The following topics highlight some of these specific impacts, as well as the resulting nursing care implications.
People with cystic fibrosis have difficulty absorbing most nutrients, including fat-soluble vitamins and electrolytes. Oral intake of pancreatic enzymes or a feeding pump can help patients break down solid foods and absorb the vitamins, protein, and other nutrients they contain. Even with these options, nutritionists must make sure clients still meet their unique nutritional needs.
Cystic fibrosis also impacts patients’ growth and development, immunity, and body systems.
Fertility is low in males with cystic fibrosis due to scarring of the ducts that carry sperm from testicles to the urethra. When available, assisted reproductive technology can help men with cystic fibrosis father children and increase future pregnancy rates for women with CF. They can use their eggs, which have been fertilized outside the body, in a lab. The eggs may then be inserted into their uterus during IVF (in vitro fertilization).
With endometriosis, the tissue that usually lines the uterus is found outside the uterus. It can cause pelvic pain before or during periods (dysmenorrhea) due to inflamed and compromised tissue with this disease. For women with cystic fibrosis, scarring from repeated lung infections causes similar problems. Women with CF are more likely to have endometriosis, and it can lead to infertility. Hence, they need regular gynecological care throughout life to treat symptoms as well as prevent reproductive complications.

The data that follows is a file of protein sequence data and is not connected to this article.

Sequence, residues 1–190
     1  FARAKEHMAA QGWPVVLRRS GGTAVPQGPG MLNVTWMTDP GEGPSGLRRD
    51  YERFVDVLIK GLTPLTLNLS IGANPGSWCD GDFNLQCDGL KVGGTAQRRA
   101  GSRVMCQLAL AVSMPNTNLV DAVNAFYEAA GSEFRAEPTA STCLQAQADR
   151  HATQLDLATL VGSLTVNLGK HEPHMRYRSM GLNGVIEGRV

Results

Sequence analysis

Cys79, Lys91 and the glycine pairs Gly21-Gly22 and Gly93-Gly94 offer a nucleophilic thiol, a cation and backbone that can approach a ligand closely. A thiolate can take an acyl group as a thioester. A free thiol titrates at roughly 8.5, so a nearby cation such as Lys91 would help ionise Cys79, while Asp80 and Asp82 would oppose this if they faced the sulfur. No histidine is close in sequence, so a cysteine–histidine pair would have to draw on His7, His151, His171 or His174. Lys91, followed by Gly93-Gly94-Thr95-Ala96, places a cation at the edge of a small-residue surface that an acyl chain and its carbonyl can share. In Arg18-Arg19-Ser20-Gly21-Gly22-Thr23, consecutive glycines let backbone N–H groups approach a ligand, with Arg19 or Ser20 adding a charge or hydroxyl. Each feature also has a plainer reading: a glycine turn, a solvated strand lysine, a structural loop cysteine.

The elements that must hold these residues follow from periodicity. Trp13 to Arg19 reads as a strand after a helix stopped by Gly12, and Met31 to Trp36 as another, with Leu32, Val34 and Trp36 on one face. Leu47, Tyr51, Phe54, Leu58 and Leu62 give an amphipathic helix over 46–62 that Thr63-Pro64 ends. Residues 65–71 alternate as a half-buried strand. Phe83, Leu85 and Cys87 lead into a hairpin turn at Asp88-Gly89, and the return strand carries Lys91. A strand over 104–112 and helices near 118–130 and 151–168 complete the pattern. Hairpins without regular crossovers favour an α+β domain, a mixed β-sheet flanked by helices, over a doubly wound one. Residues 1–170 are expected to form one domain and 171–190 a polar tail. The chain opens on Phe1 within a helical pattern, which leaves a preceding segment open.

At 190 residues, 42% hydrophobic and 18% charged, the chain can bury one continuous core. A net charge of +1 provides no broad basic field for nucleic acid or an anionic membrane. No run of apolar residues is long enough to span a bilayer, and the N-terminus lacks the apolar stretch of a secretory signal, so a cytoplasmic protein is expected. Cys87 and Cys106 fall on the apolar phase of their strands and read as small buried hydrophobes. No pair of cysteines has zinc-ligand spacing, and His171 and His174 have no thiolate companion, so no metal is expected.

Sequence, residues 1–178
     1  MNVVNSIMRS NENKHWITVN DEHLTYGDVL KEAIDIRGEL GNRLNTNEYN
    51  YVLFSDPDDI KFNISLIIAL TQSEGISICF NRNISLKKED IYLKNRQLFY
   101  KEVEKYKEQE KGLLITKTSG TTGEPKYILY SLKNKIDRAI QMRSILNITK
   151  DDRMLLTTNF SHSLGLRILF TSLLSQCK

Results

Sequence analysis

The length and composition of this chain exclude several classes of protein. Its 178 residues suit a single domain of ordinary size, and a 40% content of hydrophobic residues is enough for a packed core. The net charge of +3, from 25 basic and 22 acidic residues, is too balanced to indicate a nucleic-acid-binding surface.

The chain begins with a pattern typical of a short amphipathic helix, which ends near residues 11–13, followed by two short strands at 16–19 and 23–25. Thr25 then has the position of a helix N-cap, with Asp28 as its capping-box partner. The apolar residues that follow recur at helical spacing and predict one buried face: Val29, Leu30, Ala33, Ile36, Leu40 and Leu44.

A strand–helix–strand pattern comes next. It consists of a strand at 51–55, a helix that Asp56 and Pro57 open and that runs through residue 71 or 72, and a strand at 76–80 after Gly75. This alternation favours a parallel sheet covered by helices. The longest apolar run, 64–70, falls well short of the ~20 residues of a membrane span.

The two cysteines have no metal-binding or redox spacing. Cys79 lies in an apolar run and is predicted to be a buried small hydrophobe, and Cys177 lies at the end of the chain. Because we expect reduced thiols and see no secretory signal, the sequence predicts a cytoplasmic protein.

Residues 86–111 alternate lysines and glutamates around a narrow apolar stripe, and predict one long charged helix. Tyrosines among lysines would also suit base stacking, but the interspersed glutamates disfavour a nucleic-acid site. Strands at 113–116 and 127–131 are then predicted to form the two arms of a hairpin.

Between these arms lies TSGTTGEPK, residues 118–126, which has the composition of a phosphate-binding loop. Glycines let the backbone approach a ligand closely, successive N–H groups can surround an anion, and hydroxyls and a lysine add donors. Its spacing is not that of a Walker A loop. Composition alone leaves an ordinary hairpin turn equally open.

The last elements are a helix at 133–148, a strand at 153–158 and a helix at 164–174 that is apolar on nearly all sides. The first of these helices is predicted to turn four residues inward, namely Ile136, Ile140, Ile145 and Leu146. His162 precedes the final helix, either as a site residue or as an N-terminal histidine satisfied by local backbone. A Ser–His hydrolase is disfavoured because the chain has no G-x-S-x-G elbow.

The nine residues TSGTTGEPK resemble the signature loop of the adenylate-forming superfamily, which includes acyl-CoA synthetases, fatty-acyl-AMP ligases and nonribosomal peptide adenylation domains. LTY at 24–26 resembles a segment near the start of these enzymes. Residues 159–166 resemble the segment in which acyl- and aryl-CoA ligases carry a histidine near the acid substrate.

The goal of cystic fibrosis nursing intervention is to promote patient comfort and promote optimal physical, psychosocial, and emotional well-being.
Patients with cystic fibrosis can perform most activities of daily living, including getting dressed, brushing their teeth, and eating independently. They may need assistance with activities that require more energy than usual or are particularly physically demanding, such as walking long distances.
Cases of severe infections should avoid strenuous physical activity like contact sports because of the risk of damaging the lung tissue. They also should wear masks and germicidal sprays to help prevent infection and avoid sick people or have infections to keep their lungs free of germs.
For patients with mild symptoms, physical activity can help manage symptoms such as fatigue and pain. Aerobic exercise like jogging or swimming helps reduce pain, improves thinking abilities, and shortens the amount of time it takes for lungs to clear themselves of mucus.
People with CF also have a greater risk for developing depression because they are often chronically ill and face ongoing illness-related challenges throughout life. Additional challenges of managing a daily regimen of medication, monitoring weight and diet performance, dealing with an infection, and carrying out physical therapy are all stressors that can contribute to feelings of sadness or depression.
Cystic fibrosis is also linked to higher rates of anxiety disorders due to increased risk for rejection from peers. Special considerations may be needed for children at school, mainly if the CF student is younger than their peers. Inconspicuous placement of an inhaler may reduce self-consciousness about its presence and volume usage.
Cystic fibrosis affects the body’s ability to regulate temperature through sweating by increasing water loss from cells and lungs. This leads to increased body temperature or hyperthermia. Hyperthermia can be life-threatening if the body cannot regulate itself or respond appropriately to heat stress properly.
For people with cystic fibrosis who are at increased risk for heat-related illness due to physical limitations (e.g., difficulty moving from a bed into an upright position), alcohol consumption, or dehydration, extra preventive measures may be needed. Observations may include ensuring the patient is rested and fully hydrated before exertion, limiting activity during times of extreme heat or humidity, arranging transportation to/from appointments in advance, or providing shopping excursions with assistance from friends and family members as appropriate.